The tighter guidelines apply only to ECS grants - the largest
chunk of state aid for education by far - but municipalities can
still hang onto reimbursements from the state for special education,
public school transportation and education for the blind. That's
where city leaders in New Britain found the $308,275 needed to
reduce the tax rate by half a mill.
"It's the common council's prerogative," said John Jedrecjezyk,
finance director in New Britain. "If they want to pass it
through they can, but it's certainly within their authority" to
The measure was one of 60 provisions
in a larger bill known as an "implementer," which stipulates
how state money should be spent for various education programs
and initiatives. It went into effect July 1, but interpreting
it has not been easy.
In Tolland, the town council sought the opinion of the town attorney
before voting Tuesday on how to spend its $133,000 ECS windfall.
The school district wanted the extra money, but town officials
were not sure they were entitled to it because of the school budget
increase of nearly $1 million they was approved.
Cities are not obliged to turn over the money when increased spending
exceeds ECS increases, the town attorney determined. Council members
voted 6-1 to give the money to the school board anyway, but over
the objections of residents who said they felt that the decision
undermined voters, who approve the school budget by referendum.
"You have competing principles here," said Peter Curry,
Tolland's acting town manager. "It wasn't easy to sort out."
School officials applaud the measure, but they have reservations.
"It's a step in the right direction, but it doesn't go far
enough," said New Britain Superintendent Doris Kurtz. "At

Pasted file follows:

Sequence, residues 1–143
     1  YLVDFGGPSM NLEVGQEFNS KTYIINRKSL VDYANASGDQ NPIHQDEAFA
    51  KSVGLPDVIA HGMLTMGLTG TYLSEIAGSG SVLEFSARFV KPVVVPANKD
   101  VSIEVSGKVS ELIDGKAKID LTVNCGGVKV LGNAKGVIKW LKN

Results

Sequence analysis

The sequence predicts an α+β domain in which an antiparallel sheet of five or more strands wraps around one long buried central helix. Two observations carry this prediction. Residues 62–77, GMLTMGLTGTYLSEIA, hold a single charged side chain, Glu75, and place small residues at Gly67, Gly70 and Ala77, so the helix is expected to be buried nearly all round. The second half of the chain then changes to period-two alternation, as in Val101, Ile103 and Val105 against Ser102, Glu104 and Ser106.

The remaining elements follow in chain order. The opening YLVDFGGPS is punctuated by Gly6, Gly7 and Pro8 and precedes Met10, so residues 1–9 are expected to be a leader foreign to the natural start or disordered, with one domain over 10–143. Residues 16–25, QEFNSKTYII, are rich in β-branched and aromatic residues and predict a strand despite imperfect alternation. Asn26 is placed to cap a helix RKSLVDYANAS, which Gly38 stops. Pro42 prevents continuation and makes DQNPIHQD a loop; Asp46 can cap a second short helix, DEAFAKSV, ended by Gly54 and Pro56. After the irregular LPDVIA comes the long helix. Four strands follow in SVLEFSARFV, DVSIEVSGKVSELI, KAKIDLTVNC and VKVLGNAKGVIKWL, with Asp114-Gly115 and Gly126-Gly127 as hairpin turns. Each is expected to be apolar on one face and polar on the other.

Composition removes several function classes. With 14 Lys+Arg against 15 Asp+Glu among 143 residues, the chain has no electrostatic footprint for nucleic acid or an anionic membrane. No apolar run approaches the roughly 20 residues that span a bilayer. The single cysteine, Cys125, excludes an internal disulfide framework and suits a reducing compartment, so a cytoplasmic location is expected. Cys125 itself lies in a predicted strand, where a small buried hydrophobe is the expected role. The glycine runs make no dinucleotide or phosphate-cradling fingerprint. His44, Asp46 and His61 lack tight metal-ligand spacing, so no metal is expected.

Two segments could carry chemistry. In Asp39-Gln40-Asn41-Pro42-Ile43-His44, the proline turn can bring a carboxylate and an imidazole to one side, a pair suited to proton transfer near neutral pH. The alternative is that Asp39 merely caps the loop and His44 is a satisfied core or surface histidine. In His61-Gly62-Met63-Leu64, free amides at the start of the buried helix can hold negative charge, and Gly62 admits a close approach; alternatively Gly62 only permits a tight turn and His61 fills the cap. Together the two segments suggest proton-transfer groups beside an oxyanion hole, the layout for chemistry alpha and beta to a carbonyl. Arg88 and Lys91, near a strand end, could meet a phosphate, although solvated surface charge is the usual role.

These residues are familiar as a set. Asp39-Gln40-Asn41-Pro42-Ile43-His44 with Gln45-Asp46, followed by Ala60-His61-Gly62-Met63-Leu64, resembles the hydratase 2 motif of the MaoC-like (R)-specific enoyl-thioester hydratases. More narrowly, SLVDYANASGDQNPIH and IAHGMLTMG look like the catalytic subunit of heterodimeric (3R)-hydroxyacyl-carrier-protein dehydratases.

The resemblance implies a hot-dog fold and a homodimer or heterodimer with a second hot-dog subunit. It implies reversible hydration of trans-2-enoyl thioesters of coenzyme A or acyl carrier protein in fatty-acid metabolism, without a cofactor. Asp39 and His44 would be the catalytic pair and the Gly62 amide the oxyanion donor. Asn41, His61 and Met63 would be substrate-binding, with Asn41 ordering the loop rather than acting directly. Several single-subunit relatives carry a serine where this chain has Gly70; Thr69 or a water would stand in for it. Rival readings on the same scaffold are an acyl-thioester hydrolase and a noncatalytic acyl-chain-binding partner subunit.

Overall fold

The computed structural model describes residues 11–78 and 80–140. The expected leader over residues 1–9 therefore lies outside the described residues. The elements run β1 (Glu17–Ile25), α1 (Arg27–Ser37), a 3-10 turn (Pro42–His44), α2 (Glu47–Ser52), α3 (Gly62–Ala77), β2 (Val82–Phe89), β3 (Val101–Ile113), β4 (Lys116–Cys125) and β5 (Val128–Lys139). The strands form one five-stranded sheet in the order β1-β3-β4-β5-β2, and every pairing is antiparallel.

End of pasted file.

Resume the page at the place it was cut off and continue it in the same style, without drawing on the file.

a time when we are all expected to get to the same finish line
... all state money for education needs to be passed through."
"I think there is still vagueness," said Tolland Superintendent
William Guzman. "Until the state decides how they will monitor
this stuff, there will still be uncertainty. In our particular
case, [we were] asking the town council to appropriate the money
because our budget was reduced and we [knew] the funds [would]
go a long way to bring back some of the programs we cut."
Municipal officials put up little resistance to the change, Fleischmann
said. He suspects that it has something to do with the demands
they make each year at the state Capitol for more ECS money.
"You can't have it both ways," he said. "You
can't accept extra money and then use it for something else.
That's just duplicitous. I think taxpayers have the right to
expect that when we allocate more money for education, that money
will be spent on education."
Lisa Carver, chief of staff for New Britain Mayor Timothy Stewart,
called the measure unnecessary, at least in New Britain.
"We already have been doing this," Carver said. "Clearly,
in a community with our educational needs, the city funds education
well above what we get from the state. It's just one more mandate
on municipalities that gives [municipalities] less flexibility
with their budget."
Fleischmann defended the change and said the existing law did
not do enough to ensure that the money was spent on what it was
intended for. The fact that $1.6 billion was poured into the program
by the legislature this year - the biggest allocation in the history
of ECS - made protecting the money all the more important, he said.
"This new mechanism is a powerful enforcement tool," Fleischmann
said. "We had to make sure that money was used for education,
not fixing potholes."
Reprinted with permission of the Hartford Courant.